(Adds detail on ERA directors, background)
* Outstanding price cut by $135 million
* Investigation found accounting irregularities
* Probe found ex-ERA director engaged in misconduct
May 17 Caterpillar Inc has reached a deal to cut $135 million from the price owed for a Chinese mining equipment maker, after accounting irregularities were discovered at the acquired company that forced Caterpillar to take a $580 million impairment charge.
The agreement with China-based Mining Machinery Ltd, which sold ERA Mining Machinery Ltd to Caterpillar last year, will reduce outstanding payment obligations to Mining Machinery (MML), former ERA directors Emory Williams and John Lee, and MML shareholder James Thompson to $29.5 million.
Caterpillar reported in January that it had discovered "deliberate, multi-year, coordinated accounting misconduct" at Siwei, a subsidiary that handled ERA's principal business, as it announced the impairment charge for the fourth quarter.
Caterpillar's investigation has since found that some senior managers at Siwei, one of whom was an ERA director, had engaged in the accounting misconduct and they have now been removed, the company said on Thursday as it announced the deal with MML. It did not name the ERA director.
The probe was triggered late last year after discrepancies were found in Siwei's inventory figures.
The case rekindled concerns about accounting standards and corporate governance at Chinese companies, many of which have listed overseas or have become targets for foreign companies keen on Chinese acquisitions.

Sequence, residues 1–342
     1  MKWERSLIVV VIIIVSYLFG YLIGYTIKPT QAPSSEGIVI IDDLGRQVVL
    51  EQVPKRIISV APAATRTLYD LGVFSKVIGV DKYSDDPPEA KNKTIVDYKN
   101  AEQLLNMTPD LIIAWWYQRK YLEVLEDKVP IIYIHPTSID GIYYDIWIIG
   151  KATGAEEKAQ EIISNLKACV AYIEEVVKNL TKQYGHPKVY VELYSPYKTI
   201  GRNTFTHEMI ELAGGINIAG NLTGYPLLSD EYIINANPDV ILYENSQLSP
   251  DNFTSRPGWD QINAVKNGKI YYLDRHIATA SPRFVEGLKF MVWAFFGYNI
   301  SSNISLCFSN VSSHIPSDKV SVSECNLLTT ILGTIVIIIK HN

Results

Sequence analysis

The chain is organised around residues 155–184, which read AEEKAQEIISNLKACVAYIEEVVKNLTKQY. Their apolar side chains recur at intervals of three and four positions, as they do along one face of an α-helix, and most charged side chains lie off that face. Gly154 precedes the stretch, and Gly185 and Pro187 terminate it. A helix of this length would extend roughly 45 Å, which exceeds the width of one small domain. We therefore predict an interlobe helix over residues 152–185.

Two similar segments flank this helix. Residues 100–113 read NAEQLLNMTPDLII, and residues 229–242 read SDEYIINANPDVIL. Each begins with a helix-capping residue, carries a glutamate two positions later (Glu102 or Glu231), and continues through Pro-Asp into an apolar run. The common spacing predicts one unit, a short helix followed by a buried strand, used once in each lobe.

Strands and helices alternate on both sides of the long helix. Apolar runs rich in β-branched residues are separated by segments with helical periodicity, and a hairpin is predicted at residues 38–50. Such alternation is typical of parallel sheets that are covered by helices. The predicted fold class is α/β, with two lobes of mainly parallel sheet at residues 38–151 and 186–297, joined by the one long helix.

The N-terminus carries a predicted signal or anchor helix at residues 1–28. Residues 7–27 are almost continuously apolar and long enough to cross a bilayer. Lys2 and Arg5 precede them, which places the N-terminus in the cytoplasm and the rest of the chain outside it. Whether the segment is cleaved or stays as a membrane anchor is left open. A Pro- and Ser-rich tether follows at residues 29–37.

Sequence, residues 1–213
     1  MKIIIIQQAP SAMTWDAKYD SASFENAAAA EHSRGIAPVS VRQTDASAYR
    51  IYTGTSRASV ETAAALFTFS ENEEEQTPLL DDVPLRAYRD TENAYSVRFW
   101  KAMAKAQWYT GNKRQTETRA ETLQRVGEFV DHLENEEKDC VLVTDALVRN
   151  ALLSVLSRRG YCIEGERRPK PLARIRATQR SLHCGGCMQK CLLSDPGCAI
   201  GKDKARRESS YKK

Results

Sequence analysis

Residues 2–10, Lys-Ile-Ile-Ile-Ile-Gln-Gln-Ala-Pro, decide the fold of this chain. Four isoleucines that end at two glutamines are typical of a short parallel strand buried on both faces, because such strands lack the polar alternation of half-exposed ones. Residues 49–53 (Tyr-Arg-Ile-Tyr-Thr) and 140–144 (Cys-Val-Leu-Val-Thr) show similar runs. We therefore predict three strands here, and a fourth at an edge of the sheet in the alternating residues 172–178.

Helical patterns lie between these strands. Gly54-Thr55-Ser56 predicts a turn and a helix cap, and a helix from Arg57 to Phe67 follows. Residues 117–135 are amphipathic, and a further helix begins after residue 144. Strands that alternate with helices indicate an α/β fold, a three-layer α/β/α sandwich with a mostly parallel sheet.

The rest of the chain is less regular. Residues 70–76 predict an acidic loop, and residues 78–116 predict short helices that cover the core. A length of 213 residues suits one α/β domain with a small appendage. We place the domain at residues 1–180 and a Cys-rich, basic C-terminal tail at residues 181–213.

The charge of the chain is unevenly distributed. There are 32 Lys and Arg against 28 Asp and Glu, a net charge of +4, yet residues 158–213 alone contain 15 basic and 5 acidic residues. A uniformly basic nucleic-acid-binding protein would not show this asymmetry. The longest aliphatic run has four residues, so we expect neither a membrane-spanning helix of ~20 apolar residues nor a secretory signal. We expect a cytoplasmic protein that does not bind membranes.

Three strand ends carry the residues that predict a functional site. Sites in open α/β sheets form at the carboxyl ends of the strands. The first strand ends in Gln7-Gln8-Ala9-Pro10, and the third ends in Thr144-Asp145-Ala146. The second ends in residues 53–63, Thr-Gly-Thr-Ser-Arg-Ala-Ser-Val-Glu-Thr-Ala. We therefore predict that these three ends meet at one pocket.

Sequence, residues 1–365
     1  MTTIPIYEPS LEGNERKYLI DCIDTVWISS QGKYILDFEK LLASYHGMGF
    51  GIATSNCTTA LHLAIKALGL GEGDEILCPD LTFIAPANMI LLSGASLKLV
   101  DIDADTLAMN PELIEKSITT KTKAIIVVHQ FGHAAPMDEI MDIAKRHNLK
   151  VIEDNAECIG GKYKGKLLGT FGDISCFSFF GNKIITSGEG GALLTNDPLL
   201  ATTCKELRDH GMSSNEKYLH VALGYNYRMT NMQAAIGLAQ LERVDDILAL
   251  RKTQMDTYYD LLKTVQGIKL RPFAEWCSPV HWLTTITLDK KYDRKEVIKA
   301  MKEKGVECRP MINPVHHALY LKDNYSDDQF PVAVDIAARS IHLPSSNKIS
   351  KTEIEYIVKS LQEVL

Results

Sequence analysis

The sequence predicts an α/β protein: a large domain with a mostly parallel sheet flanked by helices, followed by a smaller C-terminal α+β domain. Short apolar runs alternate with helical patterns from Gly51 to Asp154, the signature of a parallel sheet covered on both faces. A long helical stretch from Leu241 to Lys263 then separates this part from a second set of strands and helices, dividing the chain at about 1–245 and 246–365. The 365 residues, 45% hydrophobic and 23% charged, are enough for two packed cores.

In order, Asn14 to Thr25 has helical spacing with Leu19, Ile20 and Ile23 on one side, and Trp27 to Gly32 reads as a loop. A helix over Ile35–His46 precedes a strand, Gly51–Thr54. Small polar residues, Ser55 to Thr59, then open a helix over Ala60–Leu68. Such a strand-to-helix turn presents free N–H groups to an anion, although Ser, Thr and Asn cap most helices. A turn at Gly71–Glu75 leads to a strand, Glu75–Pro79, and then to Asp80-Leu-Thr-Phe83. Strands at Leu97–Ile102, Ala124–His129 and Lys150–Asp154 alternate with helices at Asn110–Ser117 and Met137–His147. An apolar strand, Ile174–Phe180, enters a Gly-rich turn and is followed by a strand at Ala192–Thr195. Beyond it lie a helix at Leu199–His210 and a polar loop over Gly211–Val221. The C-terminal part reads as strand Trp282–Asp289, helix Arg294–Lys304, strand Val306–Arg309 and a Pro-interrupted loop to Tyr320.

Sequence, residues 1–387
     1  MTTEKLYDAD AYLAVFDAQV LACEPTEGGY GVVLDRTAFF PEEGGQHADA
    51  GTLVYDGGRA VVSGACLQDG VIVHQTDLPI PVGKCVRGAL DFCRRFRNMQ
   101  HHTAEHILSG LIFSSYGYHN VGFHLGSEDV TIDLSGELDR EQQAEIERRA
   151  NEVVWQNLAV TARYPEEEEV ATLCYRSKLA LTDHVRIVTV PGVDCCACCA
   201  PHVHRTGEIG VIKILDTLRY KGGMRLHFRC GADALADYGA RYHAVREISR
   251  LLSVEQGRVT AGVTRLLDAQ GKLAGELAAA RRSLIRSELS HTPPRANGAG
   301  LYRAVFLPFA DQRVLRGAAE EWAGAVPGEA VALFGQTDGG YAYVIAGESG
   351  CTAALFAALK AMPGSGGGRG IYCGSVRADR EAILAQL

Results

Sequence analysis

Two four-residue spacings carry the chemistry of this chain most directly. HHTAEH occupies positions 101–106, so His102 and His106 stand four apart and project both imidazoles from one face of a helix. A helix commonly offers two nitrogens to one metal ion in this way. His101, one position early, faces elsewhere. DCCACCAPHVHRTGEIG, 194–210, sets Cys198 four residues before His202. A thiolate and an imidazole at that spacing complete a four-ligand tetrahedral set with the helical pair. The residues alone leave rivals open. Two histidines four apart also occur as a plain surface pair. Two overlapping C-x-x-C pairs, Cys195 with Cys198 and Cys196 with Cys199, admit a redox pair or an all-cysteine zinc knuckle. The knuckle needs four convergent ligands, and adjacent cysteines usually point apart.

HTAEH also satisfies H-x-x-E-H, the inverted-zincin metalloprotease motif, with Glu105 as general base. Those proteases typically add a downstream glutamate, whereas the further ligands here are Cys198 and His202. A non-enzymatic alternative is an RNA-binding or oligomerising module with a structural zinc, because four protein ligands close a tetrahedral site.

Caterpillar added that it had found no evidence of involvement in accounting misconduct by other former ERA directors or MML shareholder James Thompson.
"We are pleased to resolve these issues with the MML parties, which, as we move forward, will position Caterpillar to put greater focus on improving the Siwei operation," said Steve Wunning, Caterpillar's group president for resource industries.
The world's largest maker of construction equipment had acquired ERA for $653.4 million (HK$5.06 billion) from Mining Machinery last June.
It has said that the episode with Siwei, China's fourth-largest maker of hydraulic roof supports used in the coal mining sector, would not alter its expansion strategy in China. (Reporting by Pallavi Ail in Bangalore and Rachel Armstrong in Singapore; Editing by Stephen Coates and Edmund Klamann)